By Yemi Olus
The World Athletics Championships held in Doha, Qatar, from September 27 to October 6 officially signaled the end of the 2019 Athletics season, and of course the athletes must be relieved to finally get some respite, but then the Tokyo 2020 Olympics already beckons, so preparation towards the Olympics has already commenced for a lot of countries.
Take for instance the Caribbean nation of Jamaica that has witnessed a sort of lull in the sprints since the retirement of their No.1 sprinter Usain Bolt. However, they bounced back at the World Championships with a 3rd place finish on the medals table, just behind USA and Kenya.
Asides winning individual events like the women’s 100m and men’s Long Jump, Jamaica secured medals in four of the five relay events staged in Doha. They won the women’s 4x100m ahead of USA with a world leading time of 41.44sec. They also claimed Silver in the mixed 4x400m and men’s 4x400m, and a Bronze medal in the women’s 4x400m.
The only relay event that Jamaica was unable to secure a medal in was the men’s 4x100m where they finished a shocking 5th in their heat and failed to make the final.
And because of the ‘mixed’ results of the relay teams in Doha, the Jamaica Athletics Administrative Association (JAAA) has resolved to get their 4x100m relay teams into as many competitions as possible before the Olympics.
The Top 8 teams in each relay event from the World Championships in Doha automatically qualify for the Olympics, which means Jamaica has qualified for four of five relay events. That notwithstanding, they are looking at strengthening their squads ahead of Tokyo 2020.
JAAA President Warren Blake said, “What we’re planning to do is to see what opportunities we can get apart from having them train together, but also in terms of competition, there are some opportunities that are available for them to have competitive experience going into the Olympics.
“You have Penn Relays, where we usually send a team, where we are going to see if we can get some of the men who might make the team, get them to run that relay, so they will get practice doing baton changes and competition.
“We have been invited in the past and we are going to see if we can activate those invitations for this year, especially the Muller Diamond League in London, and I think the Zurich one usually has a relay, so we’re going to try and get our teams in those.”
As it stands, no Nigerian relay team has qualified for the Tokyo 2020 Olympics, and we would have to jostle with several countries for one of the remaining eight slots per event, since each relay event comprises 16 countries.
Nigeria had a catastrophic performance in the relays at the World Championships, with both our men’s 4x100m and women’s 4x400m teams finishing 8th in their respective heats. The men’s team was eventually disqualified. Our women’s 4x100m placed 7th in their own heat. We didn’t qualify for the men’s 4x400m and mixed relay events, and it doesn’t take much to understand why we are in this absurd position. It’s simply due to our lack of foresight as a nation.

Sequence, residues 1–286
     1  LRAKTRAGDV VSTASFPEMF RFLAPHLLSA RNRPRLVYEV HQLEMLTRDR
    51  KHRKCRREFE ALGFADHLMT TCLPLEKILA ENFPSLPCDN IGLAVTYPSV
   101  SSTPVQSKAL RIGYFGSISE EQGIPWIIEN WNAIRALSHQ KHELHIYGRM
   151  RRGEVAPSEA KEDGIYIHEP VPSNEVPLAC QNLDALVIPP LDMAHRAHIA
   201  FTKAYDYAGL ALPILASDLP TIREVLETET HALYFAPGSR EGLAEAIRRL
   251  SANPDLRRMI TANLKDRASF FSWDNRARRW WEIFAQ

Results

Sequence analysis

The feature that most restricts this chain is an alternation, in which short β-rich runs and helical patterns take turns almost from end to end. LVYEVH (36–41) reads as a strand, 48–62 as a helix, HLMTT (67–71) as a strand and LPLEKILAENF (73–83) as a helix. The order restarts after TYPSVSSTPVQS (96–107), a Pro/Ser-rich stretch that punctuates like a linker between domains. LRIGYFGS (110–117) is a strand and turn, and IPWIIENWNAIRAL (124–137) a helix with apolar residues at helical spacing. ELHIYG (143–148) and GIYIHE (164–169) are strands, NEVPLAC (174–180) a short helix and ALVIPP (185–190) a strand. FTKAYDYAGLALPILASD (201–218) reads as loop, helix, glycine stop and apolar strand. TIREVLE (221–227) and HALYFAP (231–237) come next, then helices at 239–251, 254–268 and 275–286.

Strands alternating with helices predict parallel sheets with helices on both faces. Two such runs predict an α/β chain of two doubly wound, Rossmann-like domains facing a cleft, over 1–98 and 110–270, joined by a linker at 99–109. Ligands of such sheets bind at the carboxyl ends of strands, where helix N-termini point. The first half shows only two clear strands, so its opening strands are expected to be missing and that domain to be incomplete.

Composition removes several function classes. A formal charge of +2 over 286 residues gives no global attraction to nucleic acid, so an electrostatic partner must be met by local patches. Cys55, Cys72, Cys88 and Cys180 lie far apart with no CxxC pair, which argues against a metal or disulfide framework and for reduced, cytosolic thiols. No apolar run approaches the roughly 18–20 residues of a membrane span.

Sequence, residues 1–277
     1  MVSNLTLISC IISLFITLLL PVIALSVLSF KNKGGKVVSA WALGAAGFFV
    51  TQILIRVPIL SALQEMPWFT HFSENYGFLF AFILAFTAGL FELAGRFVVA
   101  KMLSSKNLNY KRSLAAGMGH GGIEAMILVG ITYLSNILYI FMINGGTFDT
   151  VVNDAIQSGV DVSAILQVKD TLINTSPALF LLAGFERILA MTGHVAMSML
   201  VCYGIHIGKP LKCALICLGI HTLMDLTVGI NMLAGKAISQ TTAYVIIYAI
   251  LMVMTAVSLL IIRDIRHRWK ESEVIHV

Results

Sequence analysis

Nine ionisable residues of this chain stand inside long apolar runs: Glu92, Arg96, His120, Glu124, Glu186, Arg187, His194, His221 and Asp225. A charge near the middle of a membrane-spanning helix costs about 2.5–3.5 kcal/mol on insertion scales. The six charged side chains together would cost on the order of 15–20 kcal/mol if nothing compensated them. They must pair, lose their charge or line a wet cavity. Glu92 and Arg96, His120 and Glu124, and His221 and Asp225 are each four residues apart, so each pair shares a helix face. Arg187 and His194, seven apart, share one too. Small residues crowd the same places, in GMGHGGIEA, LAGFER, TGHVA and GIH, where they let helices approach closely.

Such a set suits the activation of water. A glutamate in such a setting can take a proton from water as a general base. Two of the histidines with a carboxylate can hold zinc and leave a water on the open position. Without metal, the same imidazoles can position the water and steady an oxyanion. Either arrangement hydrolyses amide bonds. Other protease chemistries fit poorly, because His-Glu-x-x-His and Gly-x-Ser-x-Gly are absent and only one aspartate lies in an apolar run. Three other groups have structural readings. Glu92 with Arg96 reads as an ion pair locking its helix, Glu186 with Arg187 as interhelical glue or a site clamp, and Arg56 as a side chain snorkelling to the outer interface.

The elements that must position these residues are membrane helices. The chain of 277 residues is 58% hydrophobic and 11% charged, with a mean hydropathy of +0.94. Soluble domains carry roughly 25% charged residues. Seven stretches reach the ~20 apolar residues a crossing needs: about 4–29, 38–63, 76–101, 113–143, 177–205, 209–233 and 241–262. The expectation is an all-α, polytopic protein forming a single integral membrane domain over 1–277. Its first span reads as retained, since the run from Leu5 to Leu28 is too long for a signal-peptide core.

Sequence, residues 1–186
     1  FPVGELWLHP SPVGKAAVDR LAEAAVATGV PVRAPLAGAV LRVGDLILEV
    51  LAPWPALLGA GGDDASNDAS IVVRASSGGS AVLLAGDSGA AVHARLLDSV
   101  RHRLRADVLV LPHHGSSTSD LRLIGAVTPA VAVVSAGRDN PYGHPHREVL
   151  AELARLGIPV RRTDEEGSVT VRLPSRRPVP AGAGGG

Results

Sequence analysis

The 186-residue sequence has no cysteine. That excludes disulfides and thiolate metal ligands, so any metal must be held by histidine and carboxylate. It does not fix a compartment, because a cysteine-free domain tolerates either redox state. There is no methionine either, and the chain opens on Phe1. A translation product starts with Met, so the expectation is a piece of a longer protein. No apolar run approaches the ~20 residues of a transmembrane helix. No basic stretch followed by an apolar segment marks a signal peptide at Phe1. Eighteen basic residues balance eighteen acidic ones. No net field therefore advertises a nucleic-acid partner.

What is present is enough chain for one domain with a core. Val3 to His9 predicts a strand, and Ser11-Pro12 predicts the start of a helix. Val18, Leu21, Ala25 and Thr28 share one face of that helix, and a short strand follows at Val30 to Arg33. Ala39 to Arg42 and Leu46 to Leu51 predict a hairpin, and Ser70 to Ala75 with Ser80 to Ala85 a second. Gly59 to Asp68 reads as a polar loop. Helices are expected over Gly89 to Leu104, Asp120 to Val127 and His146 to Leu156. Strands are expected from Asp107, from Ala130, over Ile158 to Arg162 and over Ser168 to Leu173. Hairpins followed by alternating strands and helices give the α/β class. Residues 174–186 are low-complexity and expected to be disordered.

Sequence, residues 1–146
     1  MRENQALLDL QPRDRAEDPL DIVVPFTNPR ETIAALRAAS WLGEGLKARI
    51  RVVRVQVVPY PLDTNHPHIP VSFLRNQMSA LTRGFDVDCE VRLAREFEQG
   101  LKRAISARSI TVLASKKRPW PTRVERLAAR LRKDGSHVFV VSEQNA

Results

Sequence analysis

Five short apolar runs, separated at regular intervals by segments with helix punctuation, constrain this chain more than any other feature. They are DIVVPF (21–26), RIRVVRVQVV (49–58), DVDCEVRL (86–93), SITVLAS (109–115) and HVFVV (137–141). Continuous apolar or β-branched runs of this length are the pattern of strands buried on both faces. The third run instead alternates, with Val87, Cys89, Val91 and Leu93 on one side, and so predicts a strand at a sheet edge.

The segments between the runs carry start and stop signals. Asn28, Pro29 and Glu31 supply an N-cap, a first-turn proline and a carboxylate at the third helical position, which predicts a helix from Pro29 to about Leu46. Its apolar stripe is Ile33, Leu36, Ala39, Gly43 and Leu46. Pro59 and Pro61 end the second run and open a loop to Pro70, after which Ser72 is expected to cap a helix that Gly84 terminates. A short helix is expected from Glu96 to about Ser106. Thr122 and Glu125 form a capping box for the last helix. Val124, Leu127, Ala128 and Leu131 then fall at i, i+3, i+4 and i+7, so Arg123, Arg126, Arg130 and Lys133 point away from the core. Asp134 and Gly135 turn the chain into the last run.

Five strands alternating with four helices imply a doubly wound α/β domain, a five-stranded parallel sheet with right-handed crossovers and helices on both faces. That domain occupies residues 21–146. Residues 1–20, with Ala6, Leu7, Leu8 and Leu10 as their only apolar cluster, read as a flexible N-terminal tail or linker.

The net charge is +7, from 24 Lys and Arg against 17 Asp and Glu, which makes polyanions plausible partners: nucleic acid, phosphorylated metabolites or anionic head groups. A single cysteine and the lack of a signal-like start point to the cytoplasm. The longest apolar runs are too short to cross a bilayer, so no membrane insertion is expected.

Our men’s 4x100m team narrowly made the cut to Doha due to the pulling out of some countries that qualified ahead of us, and with our male sprinters running faster than we have seen in recent years, this was our opportunity to at least make the final of the World Championships to secure a slot for the Olympics.
Instead, it was South Africa that went on to break the African Record of 37.94sec set by Nigeria’s quartet of Osmond Ezinwa, Olapade Adeniken, Francis Obikwelu and Davidson Ezinwa in 1997, replacing it with a new time of 37.65sec. They also finished 5th in the final.
Some pertinent questions to ask about each of our relay squads, is how much time did the members spend together practicing as a team? How many competitions were they exposed to before the World Championships? How much synergy did they have as a team? Why is Nigeria yet to field a mixed 4x400m team since the introduction of the event at the World Championships and Olympics? Why are we not moving with the times?
It was disheartening to hear that up till an hour before their race in Doha, members of the men’s 4x100m did not know the specific athletes that were going to run. Are we then surprised by the woeful results churned out in Doha?
The relays account for eight of Nigeria’s 13 medals won in Athletics at the Olympics, and it will be a travesty to return home empty-handed from Tokyo after not winning medals at London 2012 and Rio 2016. We need to be intentional about the kind of results we want to achieve, and these things do not happen by chance. There’s no better time than the present to kick off our preparation for Tokyo 2020.